Wang et al. performed a retrospective analysis of 7169 patients undergoing thyroidectomy or parathyroidectomy. Five patients, all female, were visualized with an ARSA along with a recurrent laryngeal nerve as a right recurrent laryngeal nerve (NRLN) anomaly. Recurrent laryngeal nerve (RLN) palsy is one of the most common complications after thyroid surgery. RLN abnormalities can increase the risk of iatrogenic damage to this nerve, which can lead to vocal cord paralysis and reduced quality of life for the patient. The NRLN accompanying the ARSA has been divided into different types depending on where the nerve originates. On this basis, a distinction is made between type I which arises directly from the vagus nerve and running along with the superior thyroid vessels; type IIA which originates from the vagus on the level of the trunk of the inferior thyroid artery; and type IIB that originates from the vagus and travels under the level of the trunk of the inferior thyroid artery or between the branches [15].
Aberrations of the right subclavian artery are often associated with anatomical abnormalities of the carotid arteries. Normally, the proximal origins of the right and left common carotid artery parts are 4 cm apart. Klinkhamer found in a sample of 295 cases that in 29% the right and left carotid arteries had a common origin, while in 10% the two carotid arteries were separated by an extremely small distance. In 60%, the carotid arteries had a normal course [14]. In a study by Elumala et al. of 141 cases with ARSA, truncus bicaroticus was found in 19.2% of cases [1], while Krupiński et al. observed it in 9 out of 32 cases (28%) [16].
Jeannon et al. measured the diameter of the ARSA in 150 patients at different distances from its onset. Their study showed that it had a diameter of 16.4 mm at its origin, and 13.1 mm at a distance of 1 cm from its origin [2]. Alghamdi et al., on the other hand, described a case in which the diameter of the ARSA was 16 mm. The study involved the cadaver of a woman of unknown age, and the measurement was made at a distance of 1 cm from the origin of the ARSA [17].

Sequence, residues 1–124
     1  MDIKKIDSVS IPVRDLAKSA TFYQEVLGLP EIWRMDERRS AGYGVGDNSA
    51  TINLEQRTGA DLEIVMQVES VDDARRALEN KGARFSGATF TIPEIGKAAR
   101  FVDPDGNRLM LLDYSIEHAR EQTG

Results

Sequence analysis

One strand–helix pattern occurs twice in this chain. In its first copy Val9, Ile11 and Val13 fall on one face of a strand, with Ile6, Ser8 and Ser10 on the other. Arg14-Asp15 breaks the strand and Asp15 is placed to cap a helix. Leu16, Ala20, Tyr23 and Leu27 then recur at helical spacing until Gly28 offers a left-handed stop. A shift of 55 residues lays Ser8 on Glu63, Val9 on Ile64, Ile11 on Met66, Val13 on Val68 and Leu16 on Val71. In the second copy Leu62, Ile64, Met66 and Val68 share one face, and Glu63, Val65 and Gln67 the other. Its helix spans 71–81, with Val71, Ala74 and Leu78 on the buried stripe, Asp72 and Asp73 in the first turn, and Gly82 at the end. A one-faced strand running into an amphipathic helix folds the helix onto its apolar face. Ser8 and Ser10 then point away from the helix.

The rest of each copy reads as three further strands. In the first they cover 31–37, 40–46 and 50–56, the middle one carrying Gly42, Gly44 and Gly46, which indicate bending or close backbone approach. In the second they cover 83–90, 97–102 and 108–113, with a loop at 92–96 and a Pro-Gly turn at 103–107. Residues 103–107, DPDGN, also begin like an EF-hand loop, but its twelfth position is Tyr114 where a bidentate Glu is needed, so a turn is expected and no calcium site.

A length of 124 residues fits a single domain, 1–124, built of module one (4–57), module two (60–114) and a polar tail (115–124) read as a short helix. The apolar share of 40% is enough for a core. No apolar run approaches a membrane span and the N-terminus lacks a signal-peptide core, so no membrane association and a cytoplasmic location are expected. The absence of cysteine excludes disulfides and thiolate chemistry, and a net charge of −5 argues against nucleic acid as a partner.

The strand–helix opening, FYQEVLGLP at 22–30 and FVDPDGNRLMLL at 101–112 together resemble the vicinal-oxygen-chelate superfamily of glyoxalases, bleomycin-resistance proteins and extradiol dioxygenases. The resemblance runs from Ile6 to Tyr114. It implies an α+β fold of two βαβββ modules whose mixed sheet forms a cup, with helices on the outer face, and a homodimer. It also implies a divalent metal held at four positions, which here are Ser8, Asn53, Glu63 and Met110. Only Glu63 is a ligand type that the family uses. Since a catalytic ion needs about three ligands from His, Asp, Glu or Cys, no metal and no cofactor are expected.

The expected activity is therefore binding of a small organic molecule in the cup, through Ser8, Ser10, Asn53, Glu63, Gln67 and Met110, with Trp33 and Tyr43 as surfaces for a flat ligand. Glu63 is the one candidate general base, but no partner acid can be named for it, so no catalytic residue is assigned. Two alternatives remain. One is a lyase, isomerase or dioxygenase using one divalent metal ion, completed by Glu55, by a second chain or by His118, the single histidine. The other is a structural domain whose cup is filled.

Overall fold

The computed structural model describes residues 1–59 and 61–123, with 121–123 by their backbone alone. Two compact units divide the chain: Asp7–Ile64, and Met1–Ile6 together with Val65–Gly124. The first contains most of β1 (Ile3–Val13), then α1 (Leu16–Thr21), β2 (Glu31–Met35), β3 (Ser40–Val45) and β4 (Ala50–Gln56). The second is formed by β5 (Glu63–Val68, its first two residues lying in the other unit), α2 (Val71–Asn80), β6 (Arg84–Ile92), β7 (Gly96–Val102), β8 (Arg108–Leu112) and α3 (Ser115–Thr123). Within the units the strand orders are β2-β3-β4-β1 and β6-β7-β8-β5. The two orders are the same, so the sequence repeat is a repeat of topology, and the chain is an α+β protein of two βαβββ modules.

Ostrowski et al. made a detailed description of ARSA branches and diameter measurements using the cadaver of a 63-year-old man as an example. The ARSA crossed the esophagus and trachea at the level of the Th2/Th3 vertebrae. The rib-chest trunk arose from the ARSA at the level of the first intercostal space, while the thyrocervical trunk arose above the first rib. In the case described, the right vertebral artery was not a branch of the right subclavian artery, but arose as a branch of the right common carotid artery. The ARSA left the thoracic cage through the upper thoracic orifice [18]. This departure of the right vertebral artery is not the rule, when ARSA is present, however, as Ito et al. describing two cases of ARSA on cadavers found vertebral arteries departing from the subclavian arteries in both cases [19]. Similarly, Kurt et al. described the departure of the right vertebral artery from the ARSA at a distance of 6.3 cm from the aorta [20].